Lookup the Domain and Hosting Company
If the thieves a website as part of the fraud process, go to the ICANN website and do a WhoIs lookup. Unless the owner has private registration, this will reveal who owns and hosts the site. Make a note of all relevant information.
Also, contact the web hosting company and let them know they are enabling scammers by hosting the site. Inform the company that provides the web hosting if they continue to provide the dishonest party with web service. Their company may be liable as an accomplice in a criminal action. However, be careful of making legal threats without consulting with an attorney.
Connect with other victims
Use a search engine to find message boards and discussion forums that may want to help with your problem. You might find that the same company has ripped off many other individuals, and you may be able to initiate a class action lawsuit or at least learn how others are dealing with the problem.
If you need to report a fake Amazon email, forward the email to email@example.com. Then, add the email address to your spam blocker and delete it.
- Order Confirmation Scams come from phone calls, text messages, and emails. Often, the messages refer to an unauthorized purchase. Then, the scammers ask you to urgently confirm or cancel the purchase. Next, the fraudsters will try to convince you to provide payment or bank account information, install software on your computer/device, or purchase gift cards. So, how do you protect yourself? If you receive this type of correspondence regarding an order you weren’t expecting, verify orders by logging into your Amazon account. Only legitimate purchases will appear in your order history. Also, if you need help, Amazon Customer Service is available 24/7 to assist.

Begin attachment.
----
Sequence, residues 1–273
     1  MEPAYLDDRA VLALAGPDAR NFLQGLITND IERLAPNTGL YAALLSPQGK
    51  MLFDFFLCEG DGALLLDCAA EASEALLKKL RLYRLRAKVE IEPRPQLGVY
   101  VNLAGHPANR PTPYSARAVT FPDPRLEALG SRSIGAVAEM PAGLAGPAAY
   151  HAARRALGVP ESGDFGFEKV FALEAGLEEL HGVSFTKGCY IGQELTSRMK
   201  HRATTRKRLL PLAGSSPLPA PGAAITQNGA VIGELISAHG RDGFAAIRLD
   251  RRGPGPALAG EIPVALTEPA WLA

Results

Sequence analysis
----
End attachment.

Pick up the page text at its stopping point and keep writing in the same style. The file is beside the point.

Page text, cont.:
- Tech Support Scams involve scam artists who create fake websites and claim to provide tech support for devices and Amazon services. Customers who visit the web pages may be tempted to contact the thieves, thinking it is a legit website. Instead, go directly to the help section on Amazon.com. Remember, legitimate Amazon websites contain “amazon.com” such as “amazon.com/support”
To punish the dishonest party, it is imperative to stick with the facts. Don’t exaggerate or make false accusations. If you exaggerate, they could file a lawsuit against you for falsely accusing them of character defamation.
Keep your actions focused on solving the actual problem. If you begin contacting the dishonest party or other related parties with information or accusations unrelated to the problem, you could be charged with harassment. However, they cannot charge you with harassment for frequently contacting a party to get a product or service you paid for. Or if you didn’t receive or get paid for a product or service that you provided.
Don’t fall for the false sense of urgency. In almost every case, scammers try to get you to act immediately. They play on your fear to get you to react before thinking through the situation.
Questions and Comments
Please post a message below if you have any questions or comments about how to report online fraud. Also, learn more about other Frauds, Scams, and Schemes.